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Recent Supreme Court decision impacts the gender wage gap and survivors

December 4, 2023

In a major setback for American student borrowers, the Supreme Court ruled against the Biden administration’s initial plan to cancel up to $20,000 in student debt per borrower, stating it exceeded the President’s authority. The ruling meant Biden’s original debt cancellation program could not move forward. However, in January 2023, the Department of Education proposed a new, narrower student debt forgiveness plan that would cancel up to $10,000 in federal student loan debt for borrowers earning under $125,000 individually or $250,000 annually per household.1 

Student loan forgiveness is critical for achieving pay equity and eliminating financial disparities that can increase the risk of domestic violence and make it harder for victims to obtain safety. Striking this plan down disproportionately impacts communities of color, especially women of color, and further delays pay equity.

President Biden’s original debt relief plan was projected to deliver $302 billion in relief to nearly 43 million borrowers, including 71% of Black and 67% of Hispanic borrowers.2 Striking this plan down disproportionately impacts communities of color, especially women of color, and delays pay equity. Women alone hold over $929 billion – nearly two-thirds of the student debt in the U.S., which totals over $1.77 trillion and Black women hold the most student debt of any racial or gender group.3, 4 

Higher education at public colleges and universities was tuition-free or extremely low-cost prior to the 1960’s, when protests arose across the country to force institutions to admit more students of color and include Black and Chicanx studies departments.5, 6 In response to those protests, Governor Ronald Reagan of California proposed the University of California start charging tuition to “get rid of undesirables.7 Later, between 1987 and 2017, average state spending per student for public colleges and universities dropped by 18%.8 The decline in state funding for higher education and rising tuition costs makes student debt necessary for many. However, because of existing social and economic inequalities and gaps in economic stability and wealth, student loan debt disproportionately impacts communities of color who are likely to need to borrow more to access higher educations.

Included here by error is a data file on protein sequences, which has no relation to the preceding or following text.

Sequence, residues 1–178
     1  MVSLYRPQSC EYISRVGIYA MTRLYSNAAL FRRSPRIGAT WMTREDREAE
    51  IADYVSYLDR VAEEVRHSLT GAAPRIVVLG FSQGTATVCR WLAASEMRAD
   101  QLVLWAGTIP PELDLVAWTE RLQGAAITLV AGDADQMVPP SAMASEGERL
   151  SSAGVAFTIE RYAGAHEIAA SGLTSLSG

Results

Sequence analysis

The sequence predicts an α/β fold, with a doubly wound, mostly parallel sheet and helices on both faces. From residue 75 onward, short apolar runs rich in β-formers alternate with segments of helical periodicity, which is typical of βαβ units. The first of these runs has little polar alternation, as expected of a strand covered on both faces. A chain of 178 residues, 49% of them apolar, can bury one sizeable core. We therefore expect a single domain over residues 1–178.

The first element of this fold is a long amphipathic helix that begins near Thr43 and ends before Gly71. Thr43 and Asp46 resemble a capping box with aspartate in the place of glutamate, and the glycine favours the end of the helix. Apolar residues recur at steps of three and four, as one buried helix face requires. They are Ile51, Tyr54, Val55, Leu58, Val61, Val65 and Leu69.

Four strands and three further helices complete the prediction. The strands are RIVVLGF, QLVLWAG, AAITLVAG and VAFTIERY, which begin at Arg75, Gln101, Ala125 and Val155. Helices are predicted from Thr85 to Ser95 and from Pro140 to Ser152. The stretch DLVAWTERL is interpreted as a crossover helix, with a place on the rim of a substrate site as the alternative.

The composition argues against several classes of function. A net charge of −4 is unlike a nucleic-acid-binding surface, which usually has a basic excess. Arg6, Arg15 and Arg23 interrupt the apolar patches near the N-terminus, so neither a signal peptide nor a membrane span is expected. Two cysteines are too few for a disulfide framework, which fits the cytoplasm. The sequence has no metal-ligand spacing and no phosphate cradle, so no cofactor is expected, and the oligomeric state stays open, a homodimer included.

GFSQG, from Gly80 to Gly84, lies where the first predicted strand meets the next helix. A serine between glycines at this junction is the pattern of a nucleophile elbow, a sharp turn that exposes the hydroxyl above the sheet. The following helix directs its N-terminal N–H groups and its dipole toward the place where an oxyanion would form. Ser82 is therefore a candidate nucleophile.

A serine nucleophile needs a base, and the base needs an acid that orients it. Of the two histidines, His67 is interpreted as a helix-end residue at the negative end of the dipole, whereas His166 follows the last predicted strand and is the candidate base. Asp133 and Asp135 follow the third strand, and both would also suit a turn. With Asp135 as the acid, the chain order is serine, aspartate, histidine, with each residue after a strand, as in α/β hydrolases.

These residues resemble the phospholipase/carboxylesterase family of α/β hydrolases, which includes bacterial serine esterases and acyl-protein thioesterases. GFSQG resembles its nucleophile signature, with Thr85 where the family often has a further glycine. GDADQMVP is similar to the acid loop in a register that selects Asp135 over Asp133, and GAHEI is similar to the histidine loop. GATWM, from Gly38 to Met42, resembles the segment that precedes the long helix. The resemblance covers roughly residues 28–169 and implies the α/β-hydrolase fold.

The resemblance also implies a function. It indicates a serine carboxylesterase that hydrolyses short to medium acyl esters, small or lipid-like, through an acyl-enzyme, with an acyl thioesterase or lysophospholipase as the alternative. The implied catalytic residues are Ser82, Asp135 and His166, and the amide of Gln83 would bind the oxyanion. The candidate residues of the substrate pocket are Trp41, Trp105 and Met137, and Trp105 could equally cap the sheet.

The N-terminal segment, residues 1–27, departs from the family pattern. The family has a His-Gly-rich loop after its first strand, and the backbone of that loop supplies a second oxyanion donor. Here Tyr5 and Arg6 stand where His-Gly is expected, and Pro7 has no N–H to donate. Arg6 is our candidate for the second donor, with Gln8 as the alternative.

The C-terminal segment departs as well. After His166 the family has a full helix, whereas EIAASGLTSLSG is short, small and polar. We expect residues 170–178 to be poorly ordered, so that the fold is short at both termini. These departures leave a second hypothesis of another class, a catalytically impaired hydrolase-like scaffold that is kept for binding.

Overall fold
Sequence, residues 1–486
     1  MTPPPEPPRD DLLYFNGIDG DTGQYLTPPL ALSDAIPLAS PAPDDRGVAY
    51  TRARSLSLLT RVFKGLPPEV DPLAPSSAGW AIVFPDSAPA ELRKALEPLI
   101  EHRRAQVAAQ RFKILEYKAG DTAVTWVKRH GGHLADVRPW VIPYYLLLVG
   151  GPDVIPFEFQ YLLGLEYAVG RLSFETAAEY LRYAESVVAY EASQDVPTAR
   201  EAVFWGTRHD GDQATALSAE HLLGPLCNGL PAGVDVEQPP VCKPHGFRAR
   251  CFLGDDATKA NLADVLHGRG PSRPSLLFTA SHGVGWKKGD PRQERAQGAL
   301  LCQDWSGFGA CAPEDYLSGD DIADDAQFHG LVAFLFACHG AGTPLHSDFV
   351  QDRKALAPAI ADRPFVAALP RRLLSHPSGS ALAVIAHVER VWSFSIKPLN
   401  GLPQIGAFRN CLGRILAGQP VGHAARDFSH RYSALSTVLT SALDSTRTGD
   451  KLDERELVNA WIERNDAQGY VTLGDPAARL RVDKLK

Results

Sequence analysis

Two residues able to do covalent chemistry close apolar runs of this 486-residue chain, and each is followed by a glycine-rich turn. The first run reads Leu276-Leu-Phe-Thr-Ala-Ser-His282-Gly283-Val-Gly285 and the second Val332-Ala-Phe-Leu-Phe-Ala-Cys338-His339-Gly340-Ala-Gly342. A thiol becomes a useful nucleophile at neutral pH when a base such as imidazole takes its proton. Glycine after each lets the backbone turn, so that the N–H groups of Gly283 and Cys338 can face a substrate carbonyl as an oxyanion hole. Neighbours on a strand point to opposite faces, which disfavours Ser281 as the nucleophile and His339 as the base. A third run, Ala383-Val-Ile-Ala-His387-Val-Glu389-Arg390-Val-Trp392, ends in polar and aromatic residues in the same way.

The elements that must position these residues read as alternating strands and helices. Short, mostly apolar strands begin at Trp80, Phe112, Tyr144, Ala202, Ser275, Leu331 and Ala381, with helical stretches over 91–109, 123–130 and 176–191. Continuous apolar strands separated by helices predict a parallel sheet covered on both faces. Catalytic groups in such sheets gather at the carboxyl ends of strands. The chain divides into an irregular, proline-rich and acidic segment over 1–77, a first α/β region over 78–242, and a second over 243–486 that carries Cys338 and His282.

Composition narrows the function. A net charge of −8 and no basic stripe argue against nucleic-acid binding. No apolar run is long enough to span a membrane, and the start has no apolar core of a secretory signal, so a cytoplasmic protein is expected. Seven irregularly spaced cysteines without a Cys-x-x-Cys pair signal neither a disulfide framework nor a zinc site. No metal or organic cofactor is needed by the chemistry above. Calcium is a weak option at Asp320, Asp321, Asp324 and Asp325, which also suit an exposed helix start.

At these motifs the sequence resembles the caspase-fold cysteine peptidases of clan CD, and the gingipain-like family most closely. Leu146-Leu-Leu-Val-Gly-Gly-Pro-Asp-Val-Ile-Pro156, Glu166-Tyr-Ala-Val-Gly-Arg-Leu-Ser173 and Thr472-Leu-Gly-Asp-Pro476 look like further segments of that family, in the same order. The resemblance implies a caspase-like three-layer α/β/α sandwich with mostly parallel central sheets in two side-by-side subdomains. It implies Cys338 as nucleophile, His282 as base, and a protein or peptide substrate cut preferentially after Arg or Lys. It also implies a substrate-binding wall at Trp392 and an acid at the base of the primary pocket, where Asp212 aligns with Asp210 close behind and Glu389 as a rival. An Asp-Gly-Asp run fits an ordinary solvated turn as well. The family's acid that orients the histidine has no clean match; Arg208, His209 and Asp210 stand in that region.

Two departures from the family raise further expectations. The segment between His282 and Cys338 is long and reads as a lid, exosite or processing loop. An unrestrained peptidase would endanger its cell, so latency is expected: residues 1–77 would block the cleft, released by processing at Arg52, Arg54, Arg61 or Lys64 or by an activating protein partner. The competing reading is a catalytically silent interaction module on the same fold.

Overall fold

The burden of student loan debt weighs heaviest on women of color and hinders the ability to build generational wealth. While more women than men of color are graduating from college, the impact of student loans worsens the gender-based wage gap. On average, African American graduates owe $25,000 more in student debt than White graduates.9 After school, Black women are offered lesser starting salaries and face additional biases in promotional opportunities.10 Over a lifetime, the gender pay gap for Black women and Hispanic women is intensified as they currently only earn 63 cents and 54 cents compared to each dollar earned by a White, non-Hispanic man.11 

Meanwhile, the student debt crisis consumes a large portion of many women of color’s take-home pay, making it difficult to accumulate savings or wealth to pass down. About 64% of Black women and 36% of Latinas who graduated with a bachelor’s degree have student loan debt.12 Paying down student loans takes money from other investments like buying a home, starting a business, or saving for retirement. It restricts the ability to provide for children’s futures financially. Relieving student debt would allow women to allocate those funds in ways that facilitate generational wealth transfer and be a step towards pay equity. Research shows that cancelling even $50,000 in student debt would improve the debt burden for almost 93% of low-income Black households and substantially increase their wealth.13 

Student debt worsens existing wage gaps, with one study showing a woman with a bachelor’s degree and debt of $30,000+ typically earns 31% less than a man with the same degree and no debt.14 Over a 40-year career, the “debt penalty” is estimated to cost women $213,000 in lost earnings.15